The final Adelaide Grand Prix in 1995 turned into a battle of survival with just eight finishes from 24 entrants.
McLaren’s Mika Hakkinen was ruled out of the race following his Friday qualifying crash, suffering a fracture to the base of his skull and saved by the fast reactions of doctors.
With Hakkinen missing, the field was down to 23 entries. And with Luca Badoer’s Minardi failing to start on the warmup lap, just 22 entries would start the race.
Sauber’s Karl Wendlinger crashed head-first into the wall at the Senna Chicane in Friday practice. He suffered whiplash that forced him to miss qualifying and retire just eight laps into the race in pain.
The craziness in the race began when Williams’ David Coulthard crashed on the entry into the pitlane on lap 20.
Forti’s Roberto Moreno also spun coming into pitlane, unlike Coulthard going into the wall with the rear of his car but with the same result – retirement.
Ferrari’s Jean Alesi and Benetton’s Michael Schumacher, who were set to swap seats in 1996, made contact at the hairpin at the end of Brabham Straight on lap 23, subsequently retiring due to the damage sustained in the tangle.
Drivers were falling by the wayside at an alarming rate: Rubens Barrichello crashed on the entry to the parklands section with a sticking throttle; Gerhard Berger, the only former winner in Adelaide in the field, out with engine failure; Heinz-Harald Frenzten with gearbox failure; Eddie Irvine, celebrating his 30th birthday, losing oil pressure; and Johnny Herbert out with a broken driveshaft.
Williams’ Damon Hill cruised to victory with a two-lap gap over second place, the biggest winning margin since Jackie Stewart at the 1969 Spanish Grand Prix.
“It seemed like everything went my way,” said Hill. “I had quite an easy time of it. A surfer I met before the race taught me the phrase, ‘Too easy, mate’. And it sums up this race.”
Best of the rest was Ligier’s Oliver Panis, despite a spluttering and smoking Mugen-Honda engine. Panis brought his ailing Ligier home for an unlikely second place with Footwork’s Gianni Morbidelli scoring his first and, ultimately, only podium in Formula 1.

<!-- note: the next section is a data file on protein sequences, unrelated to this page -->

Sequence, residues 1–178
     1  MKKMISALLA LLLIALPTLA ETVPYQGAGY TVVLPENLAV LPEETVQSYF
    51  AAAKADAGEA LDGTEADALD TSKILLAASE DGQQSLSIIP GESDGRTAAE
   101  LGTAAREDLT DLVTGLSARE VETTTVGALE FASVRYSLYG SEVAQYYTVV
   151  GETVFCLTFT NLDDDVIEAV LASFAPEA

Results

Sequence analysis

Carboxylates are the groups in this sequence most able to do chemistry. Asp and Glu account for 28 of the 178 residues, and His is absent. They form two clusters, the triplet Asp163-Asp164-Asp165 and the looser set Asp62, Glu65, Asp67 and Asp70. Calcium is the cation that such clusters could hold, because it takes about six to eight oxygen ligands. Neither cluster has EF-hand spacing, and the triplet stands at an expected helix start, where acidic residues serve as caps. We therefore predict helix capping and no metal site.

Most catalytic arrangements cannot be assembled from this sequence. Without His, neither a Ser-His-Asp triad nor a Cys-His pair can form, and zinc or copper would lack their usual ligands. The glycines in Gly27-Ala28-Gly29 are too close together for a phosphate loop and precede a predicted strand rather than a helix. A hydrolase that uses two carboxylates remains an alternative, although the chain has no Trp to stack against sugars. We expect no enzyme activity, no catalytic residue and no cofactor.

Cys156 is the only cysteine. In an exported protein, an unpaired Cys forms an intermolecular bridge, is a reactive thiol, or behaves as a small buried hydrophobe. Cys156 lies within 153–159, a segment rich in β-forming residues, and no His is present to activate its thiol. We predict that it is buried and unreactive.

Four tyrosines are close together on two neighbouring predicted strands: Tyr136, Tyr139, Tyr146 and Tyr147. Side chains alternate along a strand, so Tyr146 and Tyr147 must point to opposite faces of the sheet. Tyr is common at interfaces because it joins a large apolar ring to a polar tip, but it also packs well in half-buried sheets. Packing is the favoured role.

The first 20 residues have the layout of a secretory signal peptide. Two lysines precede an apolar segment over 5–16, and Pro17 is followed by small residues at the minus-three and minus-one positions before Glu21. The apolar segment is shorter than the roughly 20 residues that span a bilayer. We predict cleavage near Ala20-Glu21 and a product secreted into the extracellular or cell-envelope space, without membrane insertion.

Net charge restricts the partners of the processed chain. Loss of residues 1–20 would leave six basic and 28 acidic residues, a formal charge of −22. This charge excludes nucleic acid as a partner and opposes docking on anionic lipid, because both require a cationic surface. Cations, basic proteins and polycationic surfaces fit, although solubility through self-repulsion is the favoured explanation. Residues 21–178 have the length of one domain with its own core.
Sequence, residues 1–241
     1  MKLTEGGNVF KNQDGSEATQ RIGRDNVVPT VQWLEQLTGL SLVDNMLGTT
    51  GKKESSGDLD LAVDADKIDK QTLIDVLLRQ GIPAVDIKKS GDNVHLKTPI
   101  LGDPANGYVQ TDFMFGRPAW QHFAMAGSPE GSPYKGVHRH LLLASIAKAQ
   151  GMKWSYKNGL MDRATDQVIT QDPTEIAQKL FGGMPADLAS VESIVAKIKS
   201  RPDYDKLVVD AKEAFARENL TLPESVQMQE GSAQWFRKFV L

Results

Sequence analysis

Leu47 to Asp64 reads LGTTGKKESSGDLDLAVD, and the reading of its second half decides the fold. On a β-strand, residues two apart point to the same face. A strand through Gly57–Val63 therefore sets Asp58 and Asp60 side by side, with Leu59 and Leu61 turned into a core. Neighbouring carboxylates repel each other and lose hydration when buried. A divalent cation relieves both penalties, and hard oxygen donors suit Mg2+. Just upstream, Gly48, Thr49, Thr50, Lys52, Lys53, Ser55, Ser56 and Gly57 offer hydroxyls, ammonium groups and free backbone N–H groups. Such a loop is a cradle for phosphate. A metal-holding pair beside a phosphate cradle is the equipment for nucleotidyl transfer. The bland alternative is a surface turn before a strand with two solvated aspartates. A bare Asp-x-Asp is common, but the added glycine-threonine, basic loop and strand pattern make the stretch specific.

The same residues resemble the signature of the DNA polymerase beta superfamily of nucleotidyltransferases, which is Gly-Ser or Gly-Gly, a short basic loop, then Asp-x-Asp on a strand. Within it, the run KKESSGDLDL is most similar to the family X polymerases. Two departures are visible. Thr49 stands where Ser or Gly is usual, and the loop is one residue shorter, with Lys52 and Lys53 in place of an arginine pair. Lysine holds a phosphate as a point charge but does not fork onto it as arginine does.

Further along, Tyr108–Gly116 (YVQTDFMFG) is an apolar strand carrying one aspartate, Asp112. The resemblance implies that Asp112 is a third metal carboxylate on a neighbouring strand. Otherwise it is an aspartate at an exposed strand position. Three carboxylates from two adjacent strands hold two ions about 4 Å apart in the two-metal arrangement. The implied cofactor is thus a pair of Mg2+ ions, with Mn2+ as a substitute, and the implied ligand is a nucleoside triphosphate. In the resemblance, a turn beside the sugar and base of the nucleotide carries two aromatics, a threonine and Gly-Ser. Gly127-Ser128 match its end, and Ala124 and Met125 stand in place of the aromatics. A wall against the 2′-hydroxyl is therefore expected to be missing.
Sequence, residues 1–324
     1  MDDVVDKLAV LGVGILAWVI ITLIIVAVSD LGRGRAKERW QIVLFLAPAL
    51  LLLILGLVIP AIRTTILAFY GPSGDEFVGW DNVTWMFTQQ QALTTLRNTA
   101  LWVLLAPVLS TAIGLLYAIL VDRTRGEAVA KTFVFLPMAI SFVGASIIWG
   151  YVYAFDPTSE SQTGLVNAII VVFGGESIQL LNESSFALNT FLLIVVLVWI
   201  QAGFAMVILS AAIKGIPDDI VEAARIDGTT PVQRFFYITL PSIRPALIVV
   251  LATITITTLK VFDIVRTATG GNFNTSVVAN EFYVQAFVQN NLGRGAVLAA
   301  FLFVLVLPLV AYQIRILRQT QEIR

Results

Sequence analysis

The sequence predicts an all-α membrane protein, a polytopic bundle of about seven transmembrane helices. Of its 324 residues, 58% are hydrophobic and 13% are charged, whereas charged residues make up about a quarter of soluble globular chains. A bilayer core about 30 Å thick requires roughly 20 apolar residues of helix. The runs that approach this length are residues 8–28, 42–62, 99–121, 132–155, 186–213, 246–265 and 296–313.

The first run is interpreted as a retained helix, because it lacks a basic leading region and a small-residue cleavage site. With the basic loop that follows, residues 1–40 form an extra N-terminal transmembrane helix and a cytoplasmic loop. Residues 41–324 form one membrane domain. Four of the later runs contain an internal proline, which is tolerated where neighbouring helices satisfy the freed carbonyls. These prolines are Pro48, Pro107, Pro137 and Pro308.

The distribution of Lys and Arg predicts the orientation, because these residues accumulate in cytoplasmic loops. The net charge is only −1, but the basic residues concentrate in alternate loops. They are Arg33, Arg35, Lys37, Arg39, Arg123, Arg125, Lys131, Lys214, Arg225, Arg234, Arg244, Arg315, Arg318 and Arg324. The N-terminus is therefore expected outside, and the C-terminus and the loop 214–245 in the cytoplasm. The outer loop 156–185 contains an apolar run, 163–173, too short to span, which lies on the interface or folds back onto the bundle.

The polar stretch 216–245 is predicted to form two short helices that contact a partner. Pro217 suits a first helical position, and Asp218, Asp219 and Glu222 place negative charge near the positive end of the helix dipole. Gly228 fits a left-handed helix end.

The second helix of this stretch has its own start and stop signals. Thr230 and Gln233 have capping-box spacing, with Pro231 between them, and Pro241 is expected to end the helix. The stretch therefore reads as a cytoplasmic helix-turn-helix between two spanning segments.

McLaren’s Mark Blundell overcame a hit up the rear from fellow Brit Martin Brundle to take fourth place. Tyrrell’s Mika Salo scored fifth place with Pedro Lamy claiming Minardi’s first point of the season in sixth, despite an embarrassing lapse of concentration earlier in the race when he spun at turn three and made a mess of his re-entry, spinning again.
Only eight of the 22 entries that started the race took the chequered flag. For the Forti and Pacific teams in seventh and eighth, the failure to score a point in such a race of attrition would prove costly with the loss of financial support for the following season.
Even support-category racers weren’t sparred in an incident-filled weekend. Formula Ford racer Gavin Monaghan required emergency surgery on a broken leg after being struck by another car head-on, while Formula Holden competitor Alan Galloway suffered a bruised foot and was left unconscious by another heavy front-on impact.
In the grand prix itself, two Minardi mechanics suffered minor injuries when struck by the Tyrrell of Ukyo Katayama. Even a friendly game of soccer between Italian teams Ferrari and Forti resulted in mechanic for the latter Loreto San Fratello breaking his right ankle.